The move came as schools standards minister, Stephen Byers, and chief inspector of schools, Chris Woodhead, both emphasised that parents and pupils had a role in commenting on education.
Sarah Briggs was expelled from Queen Elizabeth's School in Mansfield, Nottinghamshire, after writing with other pupils to a local newspaper to criticise teachers.
Sarah, who was studying for GCSEs, attacked the level of staff absenteeism and said her school had not responded to criticism from inspectors. Last year, a report by the schools watchdog Ofsted found Queen Elizabeth's had serious weak-nesses, including poor lesson planning.
Mr Byers declined to discuss details of the case, but said he was concerned over reports of Sarah's expulsion, which is being contested by her parents. He added: "We don't believe education is some secret world about which parents and pupils should not be allowed to comment.
"We do believe that Ofsted reports should be made widely available, and welcome the fact that they are ... not hidden away from public scrutiny."
Mr Woodhead said it was "a good thing" if Ofsted reports were read by pupils as well as parents, allowing both to respond. The Ofsted report on Queen Elizabeth's had revealed issues which the school needed to confront, he added.
The chief inspector was reluctant to comment on the individual case, but said: "I do not think the pupil should have been punished. There is obviously a danger of pupils inflaming a situation by unnecessary remarks."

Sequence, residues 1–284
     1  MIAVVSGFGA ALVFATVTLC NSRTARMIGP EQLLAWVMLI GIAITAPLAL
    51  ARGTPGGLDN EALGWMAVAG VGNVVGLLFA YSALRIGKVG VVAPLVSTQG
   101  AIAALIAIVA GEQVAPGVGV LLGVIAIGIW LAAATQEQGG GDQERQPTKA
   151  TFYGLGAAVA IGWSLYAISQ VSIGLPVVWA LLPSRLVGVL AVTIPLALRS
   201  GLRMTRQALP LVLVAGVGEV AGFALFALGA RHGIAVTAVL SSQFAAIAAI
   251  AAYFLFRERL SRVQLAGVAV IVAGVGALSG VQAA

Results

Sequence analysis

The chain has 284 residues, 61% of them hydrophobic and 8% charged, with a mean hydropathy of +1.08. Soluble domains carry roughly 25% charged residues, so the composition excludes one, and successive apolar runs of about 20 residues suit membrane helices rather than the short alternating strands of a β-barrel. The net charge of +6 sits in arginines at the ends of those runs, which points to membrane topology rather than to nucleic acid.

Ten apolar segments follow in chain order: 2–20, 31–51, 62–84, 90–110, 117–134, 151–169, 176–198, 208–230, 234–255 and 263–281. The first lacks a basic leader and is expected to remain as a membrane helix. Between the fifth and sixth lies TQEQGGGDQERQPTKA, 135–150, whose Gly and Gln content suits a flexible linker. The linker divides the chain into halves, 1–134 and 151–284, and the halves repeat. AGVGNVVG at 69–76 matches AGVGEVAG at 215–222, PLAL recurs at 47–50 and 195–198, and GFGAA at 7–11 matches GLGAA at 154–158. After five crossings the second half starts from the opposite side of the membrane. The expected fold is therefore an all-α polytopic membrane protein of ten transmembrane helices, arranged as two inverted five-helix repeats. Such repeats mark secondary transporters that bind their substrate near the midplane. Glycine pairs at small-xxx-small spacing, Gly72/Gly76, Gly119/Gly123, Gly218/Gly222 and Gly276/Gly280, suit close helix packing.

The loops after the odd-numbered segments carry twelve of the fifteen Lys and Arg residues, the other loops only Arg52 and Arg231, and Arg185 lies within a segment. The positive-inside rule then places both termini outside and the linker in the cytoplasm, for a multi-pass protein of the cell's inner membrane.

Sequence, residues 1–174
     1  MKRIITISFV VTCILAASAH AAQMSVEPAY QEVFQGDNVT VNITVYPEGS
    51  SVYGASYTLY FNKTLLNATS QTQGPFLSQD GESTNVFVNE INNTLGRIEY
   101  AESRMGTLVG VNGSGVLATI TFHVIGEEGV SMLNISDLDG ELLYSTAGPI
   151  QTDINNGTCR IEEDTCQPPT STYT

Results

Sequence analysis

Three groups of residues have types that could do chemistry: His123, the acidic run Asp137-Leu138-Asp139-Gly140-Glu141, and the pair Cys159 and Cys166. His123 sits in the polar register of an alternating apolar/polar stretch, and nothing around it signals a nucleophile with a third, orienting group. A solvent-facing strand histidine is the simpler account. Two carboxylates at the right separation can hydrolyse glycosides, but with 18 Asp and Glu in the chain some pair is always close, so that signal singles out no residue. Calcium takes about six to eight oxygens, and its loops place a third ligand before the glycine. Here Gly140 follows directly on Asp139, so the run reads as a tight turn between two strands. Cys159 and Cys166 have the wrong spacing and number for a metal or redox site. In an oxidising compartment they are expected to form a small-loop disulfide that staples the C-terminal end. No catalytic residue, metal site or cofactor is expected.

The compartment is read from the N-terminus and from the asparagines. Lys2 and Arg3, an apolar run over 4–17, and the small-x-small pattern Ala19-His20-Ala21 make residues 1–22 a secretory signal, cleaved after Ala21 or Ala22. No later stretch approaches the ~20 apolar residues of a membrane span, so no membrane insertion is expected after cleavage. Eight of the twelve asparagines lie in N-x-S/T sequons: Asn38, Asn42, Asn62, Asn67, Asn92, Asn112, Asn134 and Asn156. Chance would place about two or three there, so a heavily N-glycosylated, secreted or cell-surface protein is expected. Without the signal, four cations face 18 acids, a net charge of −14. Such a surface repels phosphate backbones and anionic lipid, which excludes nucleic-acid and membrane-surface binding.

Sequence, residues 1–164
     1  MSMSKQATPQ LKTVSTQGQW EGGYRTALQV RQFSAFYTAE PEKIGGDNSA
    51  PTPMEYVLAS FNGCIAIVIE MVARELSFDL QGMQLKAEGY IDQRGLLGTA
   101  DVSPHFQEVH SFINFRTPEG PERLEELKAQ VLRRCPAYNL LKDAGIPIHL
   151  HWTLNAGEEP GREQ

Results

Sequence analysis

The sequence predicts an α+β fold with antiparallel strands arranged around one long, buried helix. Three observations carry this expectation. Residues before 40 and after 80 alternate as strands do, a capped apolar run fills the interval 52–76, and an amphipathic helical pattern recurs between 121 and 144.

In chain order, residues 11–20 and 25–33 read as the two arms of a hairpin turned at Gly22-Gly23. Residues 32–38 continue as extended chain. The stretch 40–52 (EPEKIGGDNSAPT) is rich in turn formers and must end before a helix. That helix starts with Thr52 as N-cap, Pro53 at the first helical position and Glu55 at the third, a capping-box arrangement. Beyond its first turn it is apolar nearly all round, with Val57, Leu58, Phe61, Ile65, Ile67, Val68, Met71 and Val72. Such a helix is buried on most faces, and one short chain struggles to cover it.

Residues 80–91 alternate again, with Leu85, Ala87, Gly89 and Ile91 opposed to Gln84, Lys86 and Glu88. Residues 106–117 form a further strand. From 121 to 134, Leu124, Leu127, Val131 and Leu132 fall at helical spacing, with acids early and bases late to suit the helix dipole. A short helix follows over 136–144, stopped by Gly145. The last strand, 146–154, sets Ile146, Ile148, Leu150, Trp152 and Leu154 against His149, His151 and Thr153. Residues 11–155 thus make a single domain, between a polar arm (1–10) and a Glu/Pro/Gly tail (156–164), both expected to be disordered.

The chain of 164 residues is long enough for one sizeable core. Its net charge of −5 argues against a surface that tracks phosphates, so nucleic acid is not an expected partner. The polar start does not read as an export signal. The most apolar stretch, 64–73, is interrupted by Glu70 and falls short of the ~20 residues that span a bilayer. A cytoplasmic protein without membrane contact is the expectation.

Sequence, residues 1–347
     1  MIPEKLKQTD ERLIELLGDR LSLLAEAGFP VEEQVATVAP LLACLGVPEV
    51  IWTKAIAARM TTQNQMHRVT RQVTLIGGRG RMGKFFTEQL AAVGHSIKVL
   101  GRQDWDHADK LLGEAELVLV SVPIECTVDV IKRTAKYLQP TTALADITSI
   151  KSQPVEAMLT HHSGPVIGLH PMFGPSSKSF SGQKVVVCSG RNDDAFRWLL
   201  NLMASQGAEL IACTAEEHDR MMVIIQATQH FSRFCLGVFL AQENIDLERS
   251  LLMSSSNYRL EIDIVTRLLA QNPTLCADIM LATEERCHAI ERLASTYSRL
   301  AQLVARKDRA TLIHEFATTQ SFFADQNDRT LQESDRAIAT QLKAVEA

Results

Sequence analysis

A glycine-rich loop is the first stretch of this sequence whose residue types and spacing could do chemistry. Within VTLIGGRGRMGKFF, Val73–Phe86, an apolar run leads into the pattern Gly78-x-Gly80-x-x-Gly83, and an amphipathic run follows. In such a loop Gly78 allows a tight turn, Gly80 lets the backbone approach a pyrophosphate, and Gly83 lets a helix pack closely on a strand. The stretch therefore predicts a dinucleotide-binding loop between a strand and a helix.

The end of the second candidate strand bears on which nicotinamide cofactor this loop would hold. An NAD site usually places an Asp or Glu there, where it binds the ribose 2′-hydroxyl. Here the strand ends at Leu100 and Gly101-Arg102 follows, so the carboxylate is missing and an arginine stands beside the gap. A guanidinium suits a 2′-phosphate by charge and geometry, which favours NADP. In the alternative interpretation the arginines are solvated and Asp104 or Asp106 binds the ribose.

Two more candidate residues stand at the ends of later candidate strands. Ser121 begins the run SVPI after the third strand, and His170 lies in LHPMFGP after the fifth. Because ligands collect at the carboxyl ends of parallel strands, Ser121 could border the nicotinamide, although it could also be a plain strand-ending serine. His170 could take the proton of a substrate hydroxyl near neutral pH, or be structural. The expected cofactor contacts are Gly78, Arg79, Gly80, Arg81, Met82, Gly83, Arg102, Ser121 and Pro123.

Sarah yesterday accused her former school of attempting to censor the views of pupils and prevent them speaking out. She said: "I don't believe that I should have to back down. I think I have done nothing wrong so I should not have to apologise."
In June, Sarah told the Mansfield Chronicle Advertiser: "Supply teachers are often late turning up to lessons because they don't know where they are supposed to be, and when they do turn up they often don't have a key for the room. All this wastes time. Most of us don't feel prepared for our GCSE exam next year."
After the report appeared, she and fellow pupils quoted were ordered to make an immediate written apology to head teacher, Nicola Atkin. The other three girls involved complied, but Sarah refused to withdraw her comments.
In a letter to Sarah's parents, the head said exclusion had taken place because of "behaviour which brings the school into disrepute and could affect future pupil numbers" and for "serious disrespectful conduct towards staff in the school."
The school's chairman of governors John Carter defended the decision to exclude the pupil. He said after Ofsted's report there had been a full investigation.
"The complaints made in the article didn't stack up," he told BBC Radio 4's The World At One programme.
"We did a full inquiry and investigation into this and wanted to talk to the parents and the pupil. We have not, as governors, had that opportunity.
"The head teacher gave an ultimatum that if an apology wasn't received in 48 hours, then she would be excluded.
"Only the head teacher can make that decision. Everything we have done, we have done correctly," he insisted.
Her case will be reviewed by the school's board of governors in September.Reuse content